The New 2019 Sheep Incognito Wall Calendar Is Here!
Snag ‘Em While Ewe Can – only 500 available!
…and, a free blooper is included this year…
As every year since 2006 or so, we have created a new Sheep Incognito wall calendar for you – it has become a favorite in many offices, conference rooms, class rooms, and family homes. Mainly, because the cute Sheep Incognito will make ewe smile!
This year – due to a very hectic time during the layout process – we overlooked the most prominent bit of text on the front page of the calendar: the year’s date.
Everything else inside the calendar, such as months, year date, and holidays are correct – just that front page number was not noticed and changed on the front page.
So Ewe will now own a bit of “Bloopery Art History”, when you snag one of these limited edition wall calendars.
13 months of Conni’s sheepish humor, some really strange, some really funny, some just happy, holidays during each month, so ewe will always have something to look forward to in each month.
And, this being a limited edition calendar – we have cut the edition down from 1200 copies to only 500!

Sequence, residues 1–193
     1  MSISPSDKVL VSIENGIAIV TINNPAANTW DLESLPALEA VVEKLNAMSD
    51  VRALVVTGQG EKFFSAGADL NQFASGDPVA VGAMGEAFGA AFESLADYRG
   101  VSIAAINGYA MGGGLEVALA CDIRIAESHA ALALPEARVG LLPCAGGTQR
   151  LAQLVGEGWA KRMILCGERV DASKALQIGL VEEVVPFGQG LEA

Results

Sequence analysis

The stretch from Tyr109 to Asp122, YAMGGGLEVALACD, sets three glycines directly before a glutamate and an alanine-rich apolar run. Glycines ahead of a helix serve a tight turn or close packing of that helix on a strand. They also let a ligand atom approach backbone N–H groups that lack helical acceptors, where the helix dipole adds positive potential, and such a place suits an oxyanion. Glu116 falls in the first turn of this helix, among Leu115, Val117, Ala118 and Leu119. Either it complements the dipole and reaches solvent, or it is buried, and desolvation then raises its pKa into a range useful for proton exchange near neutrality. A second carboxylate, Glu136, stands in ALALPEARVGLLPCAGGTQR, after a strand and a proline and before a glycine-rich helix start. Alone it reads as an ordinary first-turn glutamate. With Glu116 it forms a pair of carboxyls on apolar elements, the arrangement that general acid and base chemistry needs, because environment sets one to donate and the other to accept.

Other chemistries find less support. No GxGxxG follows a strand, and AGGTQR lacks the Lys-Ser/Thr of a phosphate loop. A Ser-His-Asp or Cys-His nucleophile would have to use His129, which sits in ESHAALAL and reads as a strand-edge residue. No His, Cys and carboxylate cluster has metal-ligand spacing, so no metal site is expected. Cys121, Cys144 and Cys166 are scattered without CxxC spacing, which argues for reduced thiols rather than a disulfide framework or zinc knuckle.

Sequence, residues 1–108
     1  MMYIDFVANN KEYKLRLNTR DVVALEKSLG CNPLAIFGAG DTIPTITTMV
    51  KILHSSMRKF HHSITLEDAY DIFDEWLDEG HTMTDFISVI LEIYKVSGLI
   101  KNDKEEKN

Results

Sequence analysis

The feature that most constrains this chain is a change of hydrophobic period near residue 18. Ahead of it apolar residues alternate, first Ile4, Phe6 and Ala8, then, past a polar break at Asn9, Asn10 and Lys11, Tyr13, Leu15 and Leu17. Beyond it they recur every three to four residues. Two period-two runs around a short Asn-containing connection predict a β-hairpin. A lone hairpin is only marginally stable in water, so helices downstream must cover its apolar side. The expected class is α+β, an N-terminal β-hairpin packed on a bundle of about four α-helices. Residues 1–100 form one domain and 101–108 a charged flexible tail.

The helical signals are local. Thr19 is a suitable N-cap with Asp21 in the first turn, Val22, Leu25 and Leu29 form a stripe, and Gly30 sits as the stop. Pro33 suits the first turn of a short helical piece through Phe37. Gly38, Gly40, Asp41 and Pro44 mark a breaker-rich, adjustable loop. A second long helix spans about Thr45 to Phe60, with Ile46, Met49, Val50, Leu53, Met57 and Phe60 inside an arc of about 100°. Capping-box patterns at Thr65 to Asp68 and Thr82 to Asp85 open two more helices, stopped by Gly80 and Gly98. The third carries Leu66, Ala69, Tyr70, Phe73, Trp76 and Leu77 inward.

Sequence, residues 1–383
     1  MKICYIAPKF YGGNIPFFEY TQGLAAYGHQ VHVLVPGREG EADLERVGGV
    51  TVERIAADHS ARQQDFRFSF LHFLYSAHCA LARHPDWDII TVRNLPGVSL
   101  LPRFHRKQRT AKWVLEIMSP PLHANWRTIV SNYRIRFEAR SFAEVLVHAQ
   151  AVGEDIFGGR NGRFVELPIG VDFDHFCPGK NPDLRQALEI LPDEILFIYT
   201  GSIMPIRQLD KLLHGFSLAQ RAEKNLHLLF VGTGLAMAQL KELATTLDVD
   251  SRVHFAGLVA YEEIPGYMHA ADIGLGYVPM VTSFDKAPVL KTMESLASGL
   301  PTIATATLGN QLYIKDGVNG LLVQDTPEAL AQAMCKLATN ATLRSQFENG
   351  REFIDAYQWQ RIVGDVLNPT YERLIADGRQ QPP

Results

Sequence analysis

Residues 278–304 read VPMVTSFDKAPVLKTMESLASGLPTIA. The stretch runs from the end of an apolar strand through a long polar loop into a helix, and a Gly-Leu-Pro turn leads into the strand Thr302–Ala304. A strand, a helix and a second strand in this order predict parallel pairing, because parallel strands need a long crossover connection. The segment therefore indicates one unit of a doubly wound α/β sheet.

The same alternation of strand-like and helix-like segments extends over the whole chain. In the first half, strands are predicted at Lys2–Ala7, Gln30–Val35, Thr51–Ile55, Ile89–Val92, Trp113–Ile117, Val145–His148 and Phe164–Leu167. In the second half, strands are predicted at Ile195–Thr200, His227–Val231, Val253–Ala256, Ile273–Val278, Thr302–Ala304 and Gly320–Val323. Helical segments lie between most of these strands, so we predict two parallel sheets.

If you would like your copy signed by the artist, Conni Tögel, please specify at checkout, or give us a call at the studio.
And this year, we are offering sweet “Flock Discounts” on them as well – get your entire Christmaaaahs shopping done in one fell swoop – the more ya buy, the more ya save, kind of thing.
We do love sending smiles to the world – so thank ewe for helping our efforts by letting the Sheep Incognito hang out wherever ewe happen to be hanging out!
Front Page of 2019 Sheep incognito Calendar
Inside Page of 2019 Sheep Incognito Calendar
Thumbnail Page, back of 2019 Sheep Incognito Calendar
As an artist, downtime rarely happens at all – whether we are driving on days between shows, or printing between shows at home, or getting set up for the next show, we hardly ever just sit and contemplate what we might want to be doing with our time.
So what DO we do when we aren’t working?
But, because work is fun, it has become not only work, but a hobby, a life-style, and the things we love to do most. We usually will walk along the beach looking for findings for jewelry creations. Or look around the desert for some cool rocks to wire-wrap or include in a new mixed-media piece of art. Or we will be looking at other artists’ websites to see how other artists create. Or, we are watching inspiring movies that usually spark new ideas.